Saturday, December 27, 2008

Our Kabul Christmas

The weeks leading up to Christmas were very busy for us over here in Kabul.  Not only did we have our unexpected trip to Dubai, but the entire month I felt like I was working against the clock.  With several big projects to complete by end-of-the-month payroll and the beginning of 2009, December was a month that needed overtime instead of time off.  But when Karzai passed an edict mandating a week off for Eid e Qorban (the Festival of Sacrifice, celebrating when Abraham showed the faith to sacrifice his son. . . in the Islamic world, Ishmael), I quickly fell behind.  Between Christmas get-togethers, work, and of course preparing for the holiday; I felt like December 25 quickly and quietly crept up on me.  It was very stealth.

Most Afghans have no idea what Christmas is, why we celebrate it or even what day it is on.  I was asked no less than 10 times when Christmas was, how many days it lasted, what it celebrated, who Santa was, who Jesus is. . .  My favorite questions came from our chakador, Habib, who asked me "When do you start partying for Christmas? And how do you tell when it's supposed to start?"  The Islamic world operates on a lunar calendar.  The beginning of holidays are determined by the position, phase, and a sighting of the moon.  School and work calendars always have holidays in parenthesis with people guessing the actual date as it draws closer.  Holidays usually last for several days and include visiting family and friends and eating lots of sweets and food.  Afghans are extremely surprised when they find out we only celebrate Christmas for one day, two if you count Christmas Eve.

Celebrating Christmas in a place like Kabul takes a little bit of creativity and effort.  We already have a few in place traditions (opening pajamas on Christmas Eve, eating chocolate pudding and biscuits for breakfast on Christmas Day, nutmeg logs, to name a few) and these little traditions help us feel at home wherever we are.   We were also blessed to have a whole team working together to make Christmas fun and festive, one of the benefits of sharing a home with two other families.  Between all of us, we were able to pull off a great holiday.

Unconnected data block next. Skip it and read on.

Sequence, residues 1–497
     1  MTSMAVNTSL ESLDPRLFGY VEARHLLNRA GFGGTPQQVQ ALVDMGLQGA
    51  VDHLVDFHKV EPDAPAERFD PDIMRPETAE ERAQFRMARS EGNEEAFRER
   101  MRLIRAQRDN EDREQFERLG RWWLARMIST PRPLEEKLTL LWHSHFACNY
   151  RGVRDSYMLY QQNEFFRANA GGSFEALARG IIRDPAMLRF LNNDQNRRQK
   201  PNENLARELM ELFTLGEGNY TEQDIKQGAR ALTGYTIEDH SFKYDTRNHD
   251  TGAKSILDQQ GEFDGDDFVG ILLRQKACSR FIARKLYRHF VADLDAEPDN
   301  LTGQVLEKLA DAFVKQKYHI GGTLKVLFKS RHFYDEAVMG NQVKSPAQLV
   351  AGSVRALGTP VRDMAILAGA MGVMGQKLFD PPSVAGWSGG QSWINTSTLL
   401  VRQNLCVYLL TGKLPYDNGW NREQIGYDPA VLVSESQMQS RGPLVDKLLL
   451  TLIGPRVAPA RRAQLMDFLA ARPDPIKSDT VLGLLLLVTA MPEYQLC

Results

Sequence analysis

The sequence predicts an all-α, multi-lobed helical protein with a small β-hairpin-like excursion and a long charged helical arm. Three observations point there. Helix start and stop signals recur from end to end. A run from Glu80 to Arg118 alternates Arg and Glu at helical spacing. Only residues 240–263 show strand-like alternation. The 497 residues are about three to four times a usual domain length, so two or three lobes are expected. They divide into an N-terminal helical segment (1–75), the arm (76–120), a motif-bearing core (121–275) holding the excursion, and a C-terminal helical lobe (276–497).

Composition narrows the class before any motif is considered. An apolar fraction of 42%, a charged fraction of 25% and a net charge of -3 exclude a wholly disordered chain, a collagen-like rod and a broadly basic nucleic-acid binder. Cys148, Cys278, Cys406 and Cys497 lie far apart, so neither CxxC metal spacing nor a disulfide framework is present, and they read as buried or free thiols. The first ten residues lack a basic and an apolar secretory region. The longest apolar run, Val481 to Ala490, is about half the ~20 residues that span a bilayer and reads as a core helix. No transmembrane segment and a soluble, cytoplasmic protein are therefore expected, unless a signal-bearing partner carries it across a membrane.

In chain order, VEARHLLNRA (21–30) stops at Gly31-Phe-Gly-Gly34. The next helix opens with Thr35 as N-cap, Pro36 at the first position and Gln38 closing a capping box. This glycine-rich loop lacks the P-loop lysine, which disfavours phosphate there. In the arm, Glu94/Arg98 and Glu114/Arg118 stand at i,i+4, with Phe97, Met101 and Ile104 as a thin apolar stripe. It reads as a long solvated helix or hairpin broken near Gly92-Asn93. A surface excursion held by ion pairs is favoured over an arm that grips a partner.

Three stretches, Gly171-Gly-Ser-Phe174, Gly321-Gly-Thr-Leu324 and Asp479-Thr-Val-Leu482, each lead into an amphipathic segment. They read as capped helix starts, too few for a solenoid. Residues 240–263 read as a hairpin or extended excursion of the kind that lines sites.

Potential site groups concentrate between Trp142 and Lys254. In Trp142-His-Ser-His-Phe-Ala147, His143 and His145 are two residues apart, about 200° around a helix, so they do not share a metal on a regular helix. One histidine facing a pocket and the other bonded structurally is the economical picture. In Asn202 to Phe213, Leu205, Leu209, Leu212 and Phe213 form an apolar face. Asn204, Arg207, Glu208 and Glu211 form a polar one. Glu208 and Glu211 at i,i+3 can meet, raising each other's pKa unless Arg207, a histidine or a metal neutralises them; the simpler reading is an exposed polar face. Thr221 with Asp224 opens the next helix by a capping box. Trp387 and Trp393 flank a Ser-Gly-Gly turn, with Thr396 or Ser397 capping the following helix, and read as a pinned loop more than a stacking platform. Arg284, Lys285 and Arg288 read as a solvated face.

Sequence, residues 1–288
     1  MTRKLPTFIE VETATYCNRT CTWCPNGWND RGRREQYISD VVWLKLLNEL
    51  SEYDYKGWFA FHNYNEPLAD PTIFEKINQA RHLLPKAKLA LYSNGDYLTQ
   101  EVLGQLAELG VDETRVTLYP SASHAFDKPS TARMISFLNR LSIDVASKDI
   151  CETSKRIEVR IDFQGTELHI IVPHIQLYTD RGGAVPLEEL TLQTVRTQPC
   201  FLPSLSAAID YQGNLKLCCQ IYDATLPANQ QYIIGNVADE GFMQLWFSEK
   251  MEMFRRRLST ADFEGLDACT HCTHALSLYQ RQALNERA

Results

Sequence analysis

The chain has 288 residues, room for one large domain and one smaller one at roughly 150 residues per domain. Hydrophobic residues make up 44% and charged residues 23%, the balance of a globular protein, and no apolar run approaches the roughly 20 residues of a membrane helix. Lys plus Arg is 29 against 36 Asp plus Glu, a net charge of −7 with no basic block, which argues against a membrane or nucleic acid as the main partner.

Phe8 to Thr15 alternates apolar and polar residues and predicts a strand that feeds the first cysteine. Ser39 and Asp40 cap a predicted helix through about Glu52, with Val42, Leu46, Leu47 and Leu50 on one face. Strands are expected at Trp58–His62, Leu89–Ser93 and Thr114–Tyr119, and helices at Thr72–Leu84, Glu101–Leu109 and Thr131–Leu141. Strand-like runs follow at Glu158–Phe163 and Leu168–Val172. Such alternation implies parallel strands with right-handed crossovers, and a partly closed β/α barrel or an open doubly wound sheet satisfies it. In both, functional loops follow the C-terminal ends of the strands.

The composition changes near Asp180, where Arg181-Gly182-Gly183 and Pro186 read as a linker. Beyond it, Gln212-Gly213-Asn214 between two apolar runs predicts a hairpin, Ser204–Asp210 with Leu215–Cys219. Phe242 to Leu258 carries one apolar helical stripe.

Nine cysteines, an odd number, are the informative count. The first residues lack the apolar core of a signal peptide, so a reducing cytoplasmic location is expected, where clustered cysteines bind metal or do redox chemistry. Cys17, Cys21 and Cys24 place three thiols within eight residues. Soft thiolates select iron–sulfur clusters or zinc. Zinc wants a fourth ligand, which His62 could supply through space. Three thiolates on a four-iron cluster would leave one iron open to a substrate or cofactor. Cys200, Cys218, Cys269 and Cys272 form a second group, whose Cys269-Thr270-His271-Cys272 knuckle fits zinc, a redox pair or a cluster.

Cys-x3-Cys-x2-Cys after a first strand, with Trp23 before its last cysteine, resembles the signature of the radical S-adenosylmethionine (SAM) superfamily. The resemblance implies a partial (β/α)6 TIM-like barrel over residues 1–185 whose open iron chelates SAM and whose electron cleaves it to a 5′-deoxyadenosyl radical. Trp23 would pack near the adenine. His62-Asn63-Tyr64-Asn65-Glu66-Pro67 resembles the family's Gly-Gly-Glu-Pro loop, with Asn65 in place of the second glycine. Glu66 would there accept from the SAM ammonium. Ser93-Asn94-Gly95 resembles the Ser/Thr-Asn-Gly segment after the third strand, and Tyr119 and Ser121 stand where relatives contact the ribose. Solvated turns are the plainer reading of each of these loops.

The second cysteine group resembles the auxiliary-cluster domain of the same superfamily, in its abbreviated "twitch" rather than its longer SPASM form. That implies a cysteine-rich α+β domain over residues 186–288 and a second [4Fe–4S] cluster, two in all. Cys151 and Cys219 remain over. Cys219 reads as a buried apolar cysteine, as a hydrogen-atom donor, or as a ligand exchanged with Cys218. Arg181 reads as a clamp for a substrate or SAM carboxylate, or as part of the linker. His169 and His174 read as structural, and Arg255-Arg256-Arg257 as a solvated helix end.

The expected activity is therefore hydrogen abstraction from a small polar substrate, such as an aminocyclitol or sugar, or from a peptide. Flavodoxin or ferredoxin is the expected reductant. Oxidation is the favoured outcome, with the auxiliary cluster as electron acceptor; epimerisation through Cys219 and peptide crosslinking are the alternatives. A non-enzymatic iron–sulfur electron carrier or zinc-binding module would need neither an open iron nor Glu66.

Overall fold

Some things that went into making our Christmas special:
-A 24 inch tree sent from Dynamic with color changing lights.
-Baked goods sent from North Carolina.  Candy Canes sent from Washington.
-Sending Agha Gul to get pecans and getting a jar full of pickles instead.
-Homemade eggnog and apple cider.
-Reading the Christmas Story together.
-Having a full Christmas dinner spread with green bean casserole, mashed potatoes, cornbread stuffing (if I had time to tell you how difficult it was to find cornmeal in Kabul. . .), punch made from a bottle of Sprite and all different juice boxes in the fridge mixed together, pickles (instead of pecan pie), and chicken pretending to be turkey.
-Skype! So great to see our families on Christmas.
-Making great memories with friends; playing Wii, cooking together, and watching Joey and Steve play with Legos that we got for our 4 yr old housemate.

Although we missed being with family, we'll always have great memories from our first Kabul Christmas.

Thursday, December 11, 2008

Moments and memories

From J&J Slide Show Pics

I know, it's just a little picture.  But it's the only one I have on our hard drive of me and my mom.  It was taken when I was brand new.

Today marks the 10 year anniversary of my mom's passing.  Yes, it is a day that brings some tears and sorrow.  But more than that, it's a day to celebrate moments and memories of Mom's life.  Of course I am a bit partial, but I think Kathy Pandiani was an incredible lady.  She lived a life that's easy to celebrate.  She was sincere, loving, caring and joyful.  She loved to dance and laugh.  She wanted people to feel involved and important.  And she found great joy in serving others.